Cultural intelligence can help you thrive in the multicultural mix

It is an exciting part of today’s globalised economy that workplaces are increasingly international and professionals are more globally mobile.

Multinationals can have a presence in scores of different countries, while even comparatively small businesses now look far beyond domestic borders for their suppliers, employees and customers. Driven by ever-greater connectivity and technology, the world has shrunk to a size where workers are internationally transient and organisations must coordinate between teams on multiple continents.

This is certainly apparent in the UAE, where recent arrivals are likely to immediately recognise the extraordinary diversity of the population. This is a country where some estimates put immigrants at 80 per cent of the total population, a figure that seems readily believable when you think of the impressive number of different languages you are likely to hear spoken throughout an average day. For almost everybody who lives here, this is likely to be the most thriving diverse place they have settled in.

In the workplace this diversity is, of course, one of the UAE’s obvious strengths and is a large part of what many people find so attractive about working here. For leaders, the opportunity to head a team that combines the talents and experience of local and international people can be a very enticing proposition.

At the same time, no leader should assume that leadership of such a culturally diverse group will naturally flow without any kind of preparation and awareness. Different cultures have different work and life priorities, including different expectations of the organisation they work for, and a different understanding of what the organisation needs from its workers. Some cultures have alternative ideas about how to show respect, formal manners and how to interact with different people.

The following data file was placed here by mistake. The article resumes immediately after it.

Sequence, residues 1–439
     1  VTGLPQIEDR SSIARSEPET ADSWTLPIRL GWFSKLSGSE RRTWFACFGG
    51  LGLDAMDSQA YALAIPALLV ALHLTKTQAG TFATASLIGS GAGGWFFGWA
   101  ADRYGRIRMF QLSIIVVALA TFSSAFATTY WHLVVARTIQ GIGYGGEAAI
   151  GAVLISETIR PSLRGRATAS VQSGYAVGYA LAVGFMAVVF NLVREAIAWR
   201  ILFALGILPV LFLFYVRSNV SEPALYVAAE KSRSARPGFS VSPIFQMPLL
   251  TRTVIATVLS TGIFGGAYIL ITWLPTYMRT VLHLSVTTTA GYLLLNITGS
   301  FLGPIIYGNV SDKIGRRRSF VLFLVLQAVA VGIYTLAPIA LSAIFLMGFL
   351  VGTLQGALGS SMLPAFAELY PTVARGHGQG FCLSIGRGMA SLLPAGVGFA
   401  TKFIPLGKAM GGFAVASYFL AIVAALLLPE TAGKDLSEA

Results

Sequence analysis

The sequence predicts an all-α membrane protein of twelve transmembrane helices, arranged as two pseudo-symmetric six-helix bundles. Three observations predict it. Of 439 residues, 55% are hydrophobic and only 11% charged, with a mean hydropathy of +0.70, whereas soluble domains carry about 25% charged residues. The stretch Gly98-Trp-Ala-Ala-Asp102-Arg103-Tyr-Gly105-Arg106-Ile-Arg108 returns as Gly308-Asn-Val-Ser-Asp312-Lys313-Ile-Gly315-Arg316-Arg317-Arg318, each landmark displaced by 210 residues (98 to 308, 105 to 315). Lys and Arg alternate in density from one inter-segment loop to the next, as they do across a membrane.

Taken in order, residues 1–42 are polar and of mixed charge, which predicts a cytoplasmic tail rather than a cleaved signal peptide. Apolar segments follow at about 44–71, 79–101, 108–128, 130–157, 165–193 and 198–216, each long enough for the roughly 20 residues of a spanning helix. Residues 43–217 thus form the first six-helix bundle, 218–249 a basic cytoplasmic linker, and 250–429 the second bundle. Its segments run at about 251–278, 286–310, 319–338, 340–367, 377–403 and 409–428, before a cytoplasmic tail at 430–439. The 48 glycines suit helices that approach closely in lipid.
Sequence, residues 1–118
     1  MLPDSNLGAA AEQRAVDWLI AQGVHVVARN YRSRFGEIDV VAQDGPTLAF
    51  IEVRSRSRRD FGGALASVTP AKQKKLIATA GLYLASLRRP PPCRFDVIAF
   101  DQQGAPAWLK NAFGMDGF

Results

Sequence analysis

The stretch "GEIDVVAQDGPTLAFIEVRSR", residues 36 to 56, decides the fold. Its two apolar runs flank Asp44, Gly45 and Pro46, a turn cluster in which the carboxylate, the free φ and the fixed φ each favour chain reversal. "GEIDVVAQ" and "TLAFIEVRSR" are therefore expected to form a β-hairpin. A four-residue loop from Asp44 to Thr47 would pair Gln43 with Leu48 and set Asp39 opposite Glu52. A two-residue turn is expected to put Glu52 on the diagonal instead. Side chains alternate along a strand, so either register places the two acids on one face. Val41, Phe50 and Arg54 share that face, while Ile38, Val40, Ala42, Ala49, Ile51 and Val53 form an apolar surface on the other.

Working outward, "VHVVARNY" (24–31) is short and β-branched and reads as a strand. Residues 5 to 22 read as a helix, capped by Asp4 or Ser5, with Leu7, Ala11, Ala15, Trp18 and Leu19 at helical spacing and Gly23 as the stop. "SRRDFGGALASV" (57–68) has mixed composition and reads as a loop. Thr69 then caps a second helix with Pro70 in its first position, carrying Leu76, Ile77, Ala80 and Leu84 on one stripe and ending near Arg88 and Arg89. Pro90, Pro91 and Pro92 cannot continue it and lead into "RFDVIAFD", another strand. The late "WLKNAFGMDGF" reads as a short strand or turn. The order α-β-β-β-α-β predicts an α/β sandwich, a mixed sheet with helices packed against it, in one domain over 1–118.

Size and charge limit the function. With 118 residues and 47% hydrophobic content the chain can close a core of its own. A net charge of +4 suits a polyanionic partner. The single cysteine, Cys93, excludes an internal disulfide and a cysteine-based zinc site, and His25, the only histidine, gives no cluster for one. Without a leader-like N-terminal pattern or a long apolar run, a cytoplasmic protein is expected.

Cultural intelligence is a measure of how well a person is able to recognise these cultural quirks and differences, identifying the division between individual idiosyncrasy and the cultural underpinnings of a particular group. This goes beyond knowing, for example, that Emiratis will greet friends with a kiss on the nose, while some westerners will offer a stiff handshake to even their closest relative. Instead, Cultural Intelligence is more concerned with the ability to observe the holistic culture of the group and the individuals you are leading, and pausing to take the time to understand how it is likely to affect their reactions to change and different situations.

A culturally intelligent leader makes these observations without stereotyping different cultures and nationalities. They are capable of more effectively leading because they have truly understood how to get the best from their people.

This has relevance too when an organisation attempts to pursue a more cohesive corporate culture. Think, for example, of a company with established departments that have developed subcultures in which expectations of how things are done are vastly different, perhaps even contradictory. One might be process-driven, with regular deadlines and progress reviews; the other might be focused on outcomes and less concerned with the “how?” in favour of cold results.

Such differences spring from a certain amount of corporate history, personalities, or simple pragmatism. In itself, this can be no bad thing, but in the context of an organisation that needs its people to drive towards a common purpose, it can lead to whole departments being resistant to change because of the friction it causes with their specific work culture. Overcoming this requires that leaders are able to identify and understand these different cultures, so that they can then work to create a smoother gear change between different business units.

This cultural intelligence is not an innate skill. True, some leaders naturally respond well in multicultural environments, but all can benefit from focusing on developing their capacity to lead diverse teams more effectively.

Globalisation means that most organisational leaders are likely to operate internationally during their careers and, even if they remain in one place, the world is likely to come to them. Being ready to observe cultural differences and adapt your approach accordingly can pay real dividends in making sure you get the most from your workforce.

Ahmad Badr is the chief executive of Abu Dhabi University Knowledge Group.

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